Microsoft Triumphs in U.S. Court, Cleared to Acquire Activision Blizzard

Oh, it's a big day.

In a landmark case for the tech industry, a California federal judge has given Microsoft the green light to acquire Activision Blizzard. Microsoft has won the fight against the Federal Trade Commission in a court case that could have halted the biggest acquisition in tech history. The ruling clears the way for Microsoft’s proposed $69 billion acquisition of the renowned gaming company, but only in the U.S. The UK’s Competition and Markets Authority still poses a hurdle.

In a pivotal decision handed down on Tuesday, Judge Jacqueline Scott Corley ruled against the FTC’s preliminary injunction. The FTC had called for a delay of the merger until its in-house court had determined if the merger would lead to a less competitive gaming industry.

In a detailed statement, Judge Corley said, “Microsoft’s acquisition of Activision has been described as the largest in tech history. It deserves scrutiny. That scrutiny has paid off: Microsoft has committed in writing, in public, and in court to keep Call of Duty on PlayStation for 10 years on parity with Xbox. It made an agreement with Nintendo to bring Call of Duty to Switch. And it entered several agreements to for the first time bring Activision’s content to several cloud gaming services.

Judge Corley noted that the court’s responsibility was to determine whether the merger should be halted or possibly terminated while the FTC administrative action was being resolved. However, she concluded, “For the reasons explained, the Court finds the FTC has not shown a likelihood it will prevail on its claim this particular vertical merger in this specific industry may substantially lessen competition. To the contrary, the record evidence points to more consumer access to Call of Duty and other Activision content. The motion for a preliminary injunction is therefore DENIED.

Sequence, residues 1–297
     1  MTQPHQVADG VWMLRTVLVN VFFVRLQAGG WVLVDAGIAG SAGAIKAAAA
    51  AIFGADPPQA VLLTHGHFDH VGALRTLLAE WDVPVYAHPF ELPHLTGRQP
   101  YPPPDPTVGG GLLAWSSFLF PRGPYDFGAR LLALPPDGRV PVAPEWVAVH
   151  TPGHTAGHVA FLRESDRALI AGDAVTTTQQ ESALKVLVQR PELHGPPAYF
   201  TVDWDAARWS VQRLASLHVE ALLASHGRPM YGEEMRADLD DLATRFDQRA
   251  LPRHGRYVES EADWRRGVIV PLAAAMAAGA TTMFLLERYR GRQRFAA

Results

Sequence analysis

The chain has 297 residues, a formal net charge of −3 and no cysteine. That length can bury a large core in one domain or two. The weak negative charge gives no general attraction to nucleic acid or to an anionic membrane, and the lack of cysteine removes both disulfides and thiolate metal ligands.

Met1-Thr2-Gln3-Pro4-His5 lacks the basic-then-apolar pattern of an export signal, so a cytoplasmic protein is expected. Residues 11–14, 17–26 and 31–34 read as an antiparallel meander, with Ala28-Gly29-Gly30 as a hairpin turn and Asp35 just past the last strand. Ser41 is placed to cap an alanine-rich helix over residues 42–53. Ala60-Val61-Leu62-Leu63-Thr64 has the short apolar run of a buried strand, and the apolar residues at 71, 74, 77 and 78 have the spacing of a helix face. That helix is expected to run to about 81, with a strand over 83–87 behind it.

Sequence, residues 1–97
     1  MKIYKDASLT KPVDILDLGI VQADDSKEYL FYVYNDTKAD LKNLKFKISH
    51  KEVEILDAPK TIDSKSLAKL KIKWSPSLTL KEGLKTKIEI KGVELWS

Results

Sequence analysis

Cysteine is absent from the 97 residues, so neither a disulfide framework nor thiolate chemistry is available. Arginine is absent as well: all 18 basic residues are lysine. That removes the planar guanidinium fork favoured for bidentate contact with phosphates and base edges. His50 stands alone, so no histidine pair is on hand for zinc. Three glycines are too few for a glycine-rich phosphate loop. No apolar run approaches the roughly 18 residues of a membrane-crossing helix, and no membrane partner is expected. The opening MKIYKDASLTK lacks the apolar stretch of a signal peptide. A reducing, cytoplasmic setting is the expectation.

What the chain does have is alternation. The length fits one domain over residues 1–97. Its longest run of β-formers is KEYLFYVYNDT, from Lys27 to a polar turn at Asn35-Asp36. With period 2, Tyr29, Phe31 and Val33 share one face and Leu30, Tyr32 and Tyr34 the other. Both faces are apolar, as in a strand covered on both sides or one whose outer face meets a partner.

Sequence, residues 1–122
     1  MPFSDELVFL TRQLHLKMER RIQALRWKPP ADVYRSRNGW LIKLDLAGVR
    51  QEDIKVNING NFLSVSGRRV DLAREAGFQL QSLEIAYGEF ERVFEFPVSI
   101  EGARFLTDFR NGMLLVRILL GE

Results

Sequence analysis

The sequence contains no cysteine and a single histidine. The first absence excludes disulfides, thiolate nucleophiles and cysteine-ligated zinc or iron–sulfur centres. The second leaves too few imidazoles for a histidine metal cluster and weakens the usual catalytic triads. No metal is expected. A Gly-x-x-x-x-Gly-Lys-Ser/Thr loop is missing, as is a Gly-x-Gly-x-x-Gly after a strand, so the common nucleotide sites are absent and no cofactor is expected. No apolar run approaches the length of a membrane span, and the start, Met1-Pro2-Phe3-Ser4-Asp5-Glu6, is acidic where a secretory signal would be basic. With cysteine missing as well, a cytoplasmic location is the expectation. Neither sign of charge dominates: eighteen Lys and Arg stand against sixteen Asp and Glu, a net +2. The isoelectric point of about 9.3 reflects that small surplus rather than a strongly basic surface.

The decision by Judge Corley has been met with applause from Microsoft and Activision Blizzard. Microsoft president Brad Smith said in a statement, “We are grateful to the Court in San Francisco for this quick and thorough decision and hope other jurisdictions will continue working towards a timely resolution.” Meanwhile, Bobby Kotick, CEO of Activision Blizzard, touted the benefits of the merger saying, “Our merger will benefit consumers and workers. It will enable competition rather than allow entrenched market leaders to continue to dominate our rapidly growing industry.”

However, this is only a victory in the U.S., and the UK’s Competition and Markets Authority still stands in the way of a worldwide closure. The CMA blocked the proposed acquisition in April, and Microsoft is currently appealing that decision. A hearing is scheduled for July 28th. Should Microsoft choose to close the deal in the U.S. ahead of the July 18th deadline, they could still face legal challenges in the UK.

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Amie Gammons

A huge fan of puzzlers. Would love to experience the world and takedown on every single and upcoming game title. In the free time love to sing, follow recent game rumors and try to decrypt them in the best possible way.

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